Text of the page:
thinking if these trends hold, immediately after school is out might be the next time we visit in the next couple years
“…some people would be better suited to visit with the expectation that Walt Disney World will be busy no matter when they visit.”
Louder for the people in the back! Some people seem to think they are going to go to what are demonstrably some of the most popular theme parks in the *world* and not ever encounter a crowd. That would be a true Fantasyland!
As a hardcore Disney family, we never take time out of our Walt Disney World trips to spend time at Universal. So when we had the chance for a four night, 5 day getaway, we decided to do Universal all-in, May 9-13. We were amazed, and very pleased, at how short the waits were for our first few days there. The parks seemed not crowded t all. Toward the end of the week and into Saturday, we noticed crowds and wait times increasing, almost entirely because of many large school groups visiting during the day, and a grad night bash that closed both Universal parks at 6:00 pm on Friday. As a teacher, I loved seeing the groups of kids, mostly 5th and 8th graders, during the day. Not everyone might enjoy that, but we did. And it was very easy to get on every ride (Hagrid was still an hour wait, but with a gorgeous queue that moved continuously and an excellent experience at the end, we did not mind). Plus, we took advantage of the free Friday evening by going over to Animal Kingdom Lodge to explore that beautiful property and have dinner at Boma. What a treat! And a reminder to us that, as much as we did enjoy Universal, we always will be a Disney family.
Hi Tom from thee Tokyo parks(rainy and nearly empty in Tokyo Disneyland!) know it’s a bit early but I am planning on potentially going the week after thanksgiving and the week after that(from UK so isn’t a holiday for us but my birthday is on 30 November did the Christmas party at disneyland 2 years ago and Paris lastvyear) Do you think.the slowdown will happen this year given it didn’t other years or will it revert to ‘normal?
I just think with all the various breaks kids have during the year now, and the hatred that so many have for the hot and humid days in FL in summer, summers will stay lower than spring and fall. I almost never get summer bookings for Disney, and i just don’t see this trend going away. People want to be at the beach or in Europe during the summer, and they want to be at Disney during spring fall and winter. Sure some go in the summer, but kids have so many breaks now – fall break, full week at thanksgiving, winter break in February, spring break… most families just don’t ‘need’ to go in summer like they used to 15-20 years ago. Maybe even 10 years ago. That combined with the huge disparity in school start/end dates, the only true “Summer” month anymore is July. In the south, we already got out of school, and go back August 1. In the north, they get out end of June and go back Labor Day. In the middle it seems they get Early June to Late August. All that being said, the only month that everyone in the country gets off together at the same time is July. So in my opinion June and August are also shoulder season, and July is akin to spring break. The only true weeks of insanity that everyone in America gets off and heads to Disney aside from T-giving and Xmas/New Years, are Presidents Day in February. (And most get Columbus Day in October). I wish there was a national database for kids school breaks because it has changed over the years and it would be very telling! May is like total def-con 10 for moms and you can’t throw one more thing into May and make it work for most people between finals, APs, SAT, graduation, kids sports playoffs, weddings, end of season banquets, orchestra concerts, awards nights, I mean it is never ending in May. Ain’t nobody got time for vacation! Haha. I just think these things have changed over the years and we are in a ‘new normal’. But i guess we will only be able to tell in 5 years when we look back at how the 2020’s went! Sorry for writing a book! 🙂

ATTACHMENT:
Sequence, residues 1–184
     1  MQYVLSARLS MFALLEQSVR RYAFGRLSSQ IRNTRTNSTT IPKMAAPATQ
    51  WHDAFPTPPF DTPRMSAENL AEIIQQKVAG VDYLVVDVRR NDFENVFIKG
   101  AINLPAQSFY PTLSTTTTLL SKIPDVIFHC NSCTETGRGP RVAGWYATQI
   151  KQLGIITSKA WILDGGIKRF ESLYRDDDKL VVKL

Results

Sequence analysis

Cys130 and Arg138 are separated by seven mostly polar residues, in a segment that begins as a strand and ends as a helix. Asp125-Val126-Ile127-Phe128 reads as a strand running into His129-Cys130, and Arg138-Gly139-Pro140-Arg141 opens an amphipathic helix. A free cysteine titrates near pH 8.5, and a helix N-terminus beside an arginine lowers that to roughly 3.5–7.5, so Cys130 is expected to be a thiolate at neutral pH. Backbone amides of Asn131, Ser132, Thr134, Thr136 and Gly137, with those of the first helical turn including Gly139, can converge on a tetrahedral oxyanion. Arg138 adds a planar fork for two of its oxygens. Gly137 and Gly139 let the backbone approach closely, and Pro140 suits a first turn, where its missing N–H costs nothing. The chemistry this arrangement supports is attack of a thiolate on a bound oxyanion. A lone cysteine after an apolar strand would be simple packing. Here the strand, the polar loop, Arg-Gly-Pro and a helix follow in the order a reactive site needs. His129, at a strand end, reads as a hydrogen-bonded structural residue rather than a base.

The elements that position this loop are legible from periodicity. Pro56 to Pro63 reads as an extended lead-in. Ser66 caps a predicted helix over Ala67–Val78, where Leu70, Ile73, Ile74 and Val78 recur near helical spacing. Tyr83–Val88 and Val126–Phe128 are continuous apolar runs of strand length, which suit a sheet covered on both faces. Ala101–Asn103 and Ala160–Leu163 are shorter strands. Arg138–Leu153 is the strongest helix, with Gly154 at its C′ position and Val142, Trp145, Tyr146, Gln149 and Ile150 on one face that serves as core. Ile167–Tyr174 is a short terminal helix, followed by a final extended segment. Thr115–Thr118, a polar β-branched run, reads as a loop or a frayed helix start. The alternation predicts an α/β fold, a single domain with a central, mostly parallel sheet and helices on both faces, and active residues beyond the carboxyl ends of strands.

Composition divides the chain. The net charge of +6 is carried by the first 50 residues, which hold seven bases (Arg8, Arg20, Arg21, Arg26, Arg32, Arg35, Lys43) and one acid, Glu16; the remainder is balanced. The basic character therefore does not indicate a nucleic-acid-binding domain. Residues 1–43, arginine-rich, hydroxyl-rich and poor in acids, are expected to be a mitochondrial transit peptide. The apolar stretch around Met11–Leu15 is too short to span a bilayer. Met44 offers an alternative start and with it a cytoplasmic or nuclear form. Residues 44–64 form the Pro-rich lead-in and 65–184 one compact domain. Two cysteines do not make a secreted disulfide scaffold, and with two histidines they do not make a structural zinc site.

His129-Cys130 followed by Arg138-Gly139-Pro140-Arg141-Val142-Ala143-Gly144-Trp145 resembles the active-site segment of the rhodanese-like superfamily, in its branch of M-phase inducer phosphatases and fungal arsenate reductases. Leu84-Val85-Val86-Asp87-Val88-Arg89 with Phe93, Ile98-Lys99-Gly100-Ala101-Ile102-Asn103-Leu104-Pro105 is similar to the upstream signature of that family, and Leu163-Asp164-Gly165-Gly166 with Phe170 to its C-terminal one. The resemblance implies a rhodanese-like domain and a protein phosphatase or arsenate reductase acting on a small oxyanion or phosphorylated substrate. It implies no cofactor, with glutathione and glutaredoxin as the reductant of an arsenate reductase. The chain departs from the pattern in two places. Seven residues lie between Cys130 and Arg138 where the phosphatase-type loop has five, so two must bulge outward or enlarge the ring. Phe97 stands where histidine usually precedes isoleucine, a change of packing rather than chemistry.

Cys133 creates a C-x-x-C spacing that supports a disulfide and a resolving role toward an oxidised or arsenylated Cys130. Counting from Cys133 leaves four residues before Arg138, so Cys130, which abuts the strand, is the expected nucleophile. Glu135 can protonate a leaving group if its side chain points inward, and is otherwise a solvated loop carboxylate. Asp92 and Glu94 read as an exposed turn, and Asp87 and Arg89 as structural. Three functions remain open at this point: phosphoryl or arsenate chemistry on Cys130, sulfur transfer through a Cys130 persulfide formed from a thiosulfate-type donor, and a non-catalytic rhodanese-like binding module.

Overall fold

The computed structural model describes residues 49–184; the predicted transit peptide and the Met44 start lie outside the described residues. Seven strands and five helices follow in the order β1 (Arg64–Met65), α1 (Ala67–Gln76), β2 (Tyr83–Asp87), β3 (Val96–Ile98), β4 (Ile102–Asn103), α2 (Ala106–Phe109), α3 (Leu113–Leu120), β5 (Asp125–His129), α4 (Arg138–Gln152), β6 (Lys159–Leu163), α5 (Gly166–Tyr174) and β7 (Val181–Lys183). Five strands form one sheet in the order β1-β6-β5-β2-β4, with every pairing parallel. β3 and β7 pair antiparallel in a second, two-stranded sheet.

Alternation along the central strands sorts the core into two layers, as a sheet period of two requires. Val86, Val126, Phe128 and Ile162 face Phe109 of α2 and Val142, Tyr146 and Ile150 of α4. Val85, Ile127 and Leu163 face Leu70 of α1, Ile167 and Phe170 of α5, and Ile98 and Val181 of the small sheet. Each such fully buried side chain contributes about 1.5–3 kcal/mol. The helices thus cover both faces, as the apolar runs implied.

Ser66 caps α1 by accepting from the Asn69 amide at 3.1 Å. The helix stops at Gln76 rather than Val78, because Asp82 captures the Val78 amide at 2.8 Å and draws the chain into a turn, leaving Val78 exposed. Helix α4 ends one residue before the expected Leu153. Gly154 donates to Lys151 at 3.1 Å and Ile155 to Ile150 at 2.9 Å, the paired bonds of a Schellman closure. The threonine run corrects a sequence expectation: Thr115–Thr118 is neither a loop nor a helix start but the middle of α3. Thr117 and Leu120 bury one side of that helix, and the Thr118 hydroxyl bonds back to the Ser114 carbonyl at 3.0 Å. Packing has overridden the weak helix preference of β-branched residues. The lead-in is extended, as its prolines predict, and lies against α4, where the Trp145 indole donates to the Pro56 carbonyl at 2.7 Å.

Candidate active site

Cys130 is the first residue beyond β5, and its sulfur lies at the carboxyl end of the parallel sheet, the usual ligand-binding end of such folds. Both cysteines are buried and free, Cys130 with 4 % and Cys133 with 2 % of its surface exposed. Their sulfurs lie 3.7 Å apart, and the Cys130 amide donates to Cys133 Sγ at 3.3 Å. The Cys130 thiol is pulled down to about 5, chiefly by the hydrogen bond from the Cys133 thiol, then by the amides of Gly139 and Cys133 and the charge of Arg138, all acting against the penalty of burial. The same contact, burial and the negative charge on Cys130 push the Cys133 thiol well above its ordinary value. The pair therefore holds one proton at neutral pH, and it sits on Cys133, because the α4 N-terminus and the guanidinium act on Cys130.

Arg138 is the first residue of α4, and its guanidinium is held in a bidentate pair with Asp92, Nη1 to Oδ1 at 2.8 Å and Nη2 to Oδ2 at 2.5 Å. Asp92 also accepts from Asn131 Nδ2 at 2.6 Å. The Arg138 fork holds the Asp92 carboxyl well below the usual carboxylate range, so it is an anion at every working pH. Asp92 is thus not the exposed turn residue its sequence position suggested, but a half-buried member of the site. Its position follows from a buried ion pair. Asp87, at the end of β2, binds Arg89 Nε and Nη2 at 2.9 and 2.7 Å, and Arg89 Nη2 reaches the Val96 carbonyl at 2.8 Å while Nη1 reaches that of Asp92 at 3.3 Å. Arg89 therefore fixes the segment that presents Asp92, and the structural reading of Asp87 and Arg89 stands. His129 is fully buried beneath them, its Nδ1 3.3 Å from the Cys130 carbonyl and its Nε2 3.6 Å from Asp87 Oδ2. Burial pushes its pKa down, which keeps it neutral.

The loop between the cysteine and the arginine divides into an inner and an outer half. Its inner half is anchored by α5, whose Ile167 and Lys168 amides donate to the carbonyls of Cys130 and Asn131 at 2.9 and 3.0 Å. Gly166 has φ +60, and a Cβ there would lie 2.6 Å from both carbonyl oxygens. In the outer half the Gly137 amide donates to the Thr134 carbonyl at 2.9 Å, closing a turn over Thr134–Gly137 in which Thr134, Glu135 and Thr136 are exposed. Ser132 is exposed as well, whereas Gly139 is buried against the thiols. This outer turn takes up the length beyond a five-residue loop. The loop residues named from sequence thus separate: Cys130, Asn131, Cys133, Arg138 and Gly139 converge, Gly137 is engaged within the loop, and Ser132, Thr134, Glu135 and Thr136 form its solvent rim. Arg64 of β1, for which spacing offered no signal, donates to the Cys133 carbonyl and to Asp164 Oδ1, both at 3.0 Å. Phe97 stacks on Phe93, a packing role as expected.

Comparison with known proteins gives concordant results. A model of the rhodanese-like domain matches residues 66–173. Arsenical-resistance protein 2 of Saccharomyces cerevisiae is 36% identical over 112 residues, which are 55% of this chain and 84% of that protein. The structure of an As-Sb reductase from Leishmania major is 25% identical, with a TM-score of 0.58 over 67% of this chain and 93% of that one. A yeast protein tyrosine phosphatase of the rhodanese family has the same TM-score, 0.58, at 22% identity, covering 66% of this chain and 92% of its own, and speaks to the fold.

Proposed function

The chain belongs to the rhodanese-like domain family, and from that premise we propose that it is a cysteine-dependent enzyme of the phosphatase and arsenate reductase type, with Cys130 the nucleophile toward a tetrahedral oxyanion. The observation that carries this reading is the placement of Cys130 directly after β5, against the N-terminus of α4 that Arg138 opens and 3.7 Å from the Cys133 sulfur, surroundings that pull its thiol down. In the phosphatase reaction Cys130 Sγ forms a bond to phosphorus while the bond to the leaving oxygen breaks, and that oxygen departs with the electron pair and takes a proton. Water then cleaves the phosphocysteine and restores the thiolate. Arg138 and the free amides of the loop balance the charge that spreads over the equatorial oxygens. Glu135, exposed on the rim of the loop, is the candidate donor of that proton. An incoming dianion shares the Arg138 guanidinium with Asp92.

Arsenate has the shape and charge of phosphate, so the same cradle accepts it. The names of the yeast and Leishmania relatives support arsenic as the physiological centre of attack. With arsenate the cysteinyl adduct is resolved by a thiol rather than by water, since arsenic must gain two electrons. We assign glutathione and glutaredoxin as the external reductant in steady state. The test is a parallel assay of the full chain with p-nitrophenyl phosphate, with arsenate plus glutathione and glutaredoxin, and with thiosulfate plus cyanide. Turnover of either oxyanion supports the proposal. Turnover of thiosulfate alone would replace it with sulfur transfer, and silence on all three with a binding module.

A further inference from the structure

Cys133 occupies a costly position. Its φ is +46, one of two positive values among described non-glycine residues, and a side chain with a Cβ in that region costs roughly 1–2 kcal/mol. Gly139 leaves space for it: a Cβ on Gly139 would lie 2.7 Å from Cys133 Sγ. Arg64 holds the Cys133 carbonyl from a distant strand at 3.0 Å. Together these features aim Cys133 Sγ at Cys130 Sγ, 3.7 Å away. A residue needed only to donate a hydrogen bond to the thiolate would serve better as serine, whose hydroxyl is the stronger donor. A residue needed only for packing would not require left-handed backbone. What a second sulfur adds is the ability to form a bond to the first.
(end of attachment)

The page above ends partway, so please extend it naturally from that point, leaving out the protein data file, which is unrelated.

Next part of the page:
Dave at Your First Visit dot net used to do some pretty exhaustive research into nationwide public school calendars to come up with his ranking of best/worst weeks to visit. It looks like he is still using the same methodology but I don’t know that you would be able to extract “just” the school break component from what he ends up publishing.